Cherokee council considers results of investigation into chief’s administration
Rumors have been flying on the Qualla Boundary since an investigation into contract awards and human resources actions under Principal Chief Patrick Lambert’s administration was completed last week. The report, a redacted copy of which was posted on the Eastern Band of Cherokee Indians Tribal Council Facebook page, states that the investigated actions “deviated from the Cherokee Code and other documented policies and processes.”
“It was very concerning to me,” Council Vice Chair Brandon Jones, of Snowbird, said of the report.
Lambert, meanwhile, was quick to dismiss the claims against him.
“The claims asserted in the report are tainted with half-truths that would lead one to believe that misconduct has occurred,” he wrote in an official letter posted on his public Facebook page. “This report is one-sided and is meant to paint a picture that appears to show that wrongs were committed by me … Each of the accusations are easily defendable and were made to help an enrolled tribal member.”
The findings are divided into two reports, one outlining the results of an investigation into how tribal contracts were awarded and the second reviewing personnel actions and organizational changes in the tribe’s Human Resources Department. Both reports were completed by the tribe’s Office of Internal Audit.
The contract report reviewed all contracts worth $44,000 or more and select contracts worth $15,000 to $43,999 executed between Oct. 1, 2015 — four days before Lambert was sworn in — and Sept. 30, 2016. The report found that four of 68 contracts worth more than $50,000 and two of 28 contracts worth less than $50,000 were executed incorrectly.
For instance, the report says, a March 2016 contract that allocated $18,000 for the purchase of time clocks actually resulted in a $182,000 expenditure. Similarly, a November 2015 contract that allocated $25,000 for forensic auditing was amended to $65,000 without Business Committee approval, the report says, with actual expenditures as of Sept. 30, 2016, totaling $315,407.
Lambert’s letter, meanwhile, contends that the report didn’t include any of the responses he’d shared with the OIA to explain the discrepancies.
The report lists a $383,000 solid waste disposal contract among those that didn’t have proper Business Committee approval, but according to Lambert the expenditure wasn’t a contract at all — it was a continuation of a Memorandum of Understanding that had been signed off on by several past chiefs. MOUs are not legally binding documents, Lambert wrote, and they don’t go through the same process as contracts.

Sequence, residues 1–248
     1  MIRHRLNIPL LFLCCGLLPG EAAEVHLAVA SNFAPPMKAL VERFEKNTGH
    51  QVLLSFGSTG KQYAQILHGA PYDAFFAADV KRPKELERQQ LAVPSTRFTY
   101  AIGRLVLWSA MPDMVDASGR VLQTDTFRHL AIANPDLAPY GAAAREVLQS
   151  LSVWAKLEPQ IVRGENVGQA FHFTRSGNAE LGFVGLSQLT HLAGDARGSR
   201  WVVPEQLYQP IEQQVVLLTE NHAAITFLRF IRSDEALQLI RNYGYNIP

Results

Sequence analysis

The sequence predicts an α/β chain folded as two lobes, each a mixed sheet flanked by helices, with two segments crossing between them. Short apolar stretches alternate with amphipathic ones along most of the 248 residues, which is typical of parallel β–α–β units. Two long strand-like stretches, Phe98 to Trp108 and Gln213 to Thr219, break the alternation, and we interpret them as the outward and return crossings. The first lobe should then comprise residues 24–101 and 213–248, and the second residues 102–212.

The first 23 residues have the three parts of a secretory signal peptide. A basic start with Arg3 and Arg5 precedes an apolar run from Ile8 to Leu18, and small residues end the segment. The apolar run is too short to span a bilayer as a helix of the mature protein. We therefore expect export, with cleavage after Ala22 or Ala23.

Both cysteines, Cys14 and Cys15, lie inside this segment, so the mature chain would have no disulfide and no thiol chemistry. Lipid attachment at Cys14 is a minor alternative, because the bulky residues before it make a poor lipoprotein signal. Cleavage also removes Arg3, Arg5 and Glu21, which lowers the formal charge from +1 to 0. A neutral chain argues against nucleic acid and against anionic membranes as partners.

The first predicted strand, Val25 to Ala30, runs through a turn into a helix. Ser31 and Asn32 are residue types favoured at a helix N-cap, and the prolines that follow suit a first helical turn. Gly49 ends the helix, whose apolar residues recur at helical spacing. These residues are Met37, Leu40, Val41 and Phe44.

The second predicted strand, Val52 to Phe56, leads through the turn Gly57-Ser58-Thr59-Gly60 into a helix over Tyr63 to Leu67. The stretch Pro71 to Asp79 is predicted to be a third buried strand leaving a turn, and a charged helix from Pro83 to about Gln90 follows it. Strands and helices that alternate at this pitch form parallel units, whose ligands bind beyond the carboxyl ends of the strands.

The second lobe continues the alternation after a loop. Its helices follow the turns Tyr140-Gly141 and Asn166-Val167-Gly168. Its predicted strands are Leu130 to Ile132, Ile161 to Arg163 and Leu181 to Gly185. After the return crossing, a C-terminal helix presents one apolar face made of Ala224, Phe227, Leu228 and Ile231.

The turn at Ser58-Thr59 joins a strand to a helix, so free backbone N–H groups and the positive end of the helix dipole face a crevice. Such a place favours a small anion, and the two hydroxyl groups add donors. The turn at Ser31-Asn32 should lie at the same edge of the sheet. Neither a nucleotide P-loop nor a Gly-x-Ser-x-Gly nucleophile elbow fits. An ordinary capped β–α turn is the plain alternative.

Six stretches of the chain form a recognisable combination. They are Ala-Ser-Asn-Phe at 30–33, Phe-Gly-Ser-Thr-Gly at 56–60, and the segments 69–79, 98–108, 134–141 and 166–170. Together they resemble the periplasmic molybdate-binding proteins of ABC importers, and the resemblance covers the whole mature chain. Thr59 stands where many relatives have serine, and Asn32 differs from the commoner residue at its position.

Similarly, he wrote, the report lists a $62,000 contract for expanding and renovating the Tribal Executive Office among those that didn’t have documented Business Committee approval.
The contract was amended to $628,000, the report reads, but according to Lambert the contract was part of a larger renovation contract that six of eight Business Committee members signed off on.
The Human Resources investigation also alleged wrongdoing, stating that the department had deviated from the code and from policies and procedures in nine different areas.
In many cases, the justification for these findings is difficult to determine by reading the publicly available copy of the investigation. Entire sentences — in many cases, the sentences that presumably detail how a policy was violated — are redacted, rather than just the particular names or numbers that would violate privacy if published. This is true for five of the nine sections.
However, four sections did include unredacted — though brief — justification for the findings.
• According to the report, 11 of 35 “hires, promotions and transfers for manager and above positions, excluding political appointments” were not advertised before the hiring decision was made. The report references Chapter 96 of the Cherokee Code, which requires such positions to be advertised before being filled.
• The tribe’s Executive Committee, composed of the Principal Chief and the Vice Chief, is tasked with carrying out tribal laws and overseeing day-to-day operations. According to the report, Lambert “solely executed personnel actions requiring Executive Committee approval without knowledge or input of the Vice Chief.”
• The report alleges that Lambert made “significant changes” to the tribe’s organizational structure without approval from Tribal Council. Cherokee code states that it’s within the chief’s authority to create an organizational chart but that the chart is subject to Tribal Council approval.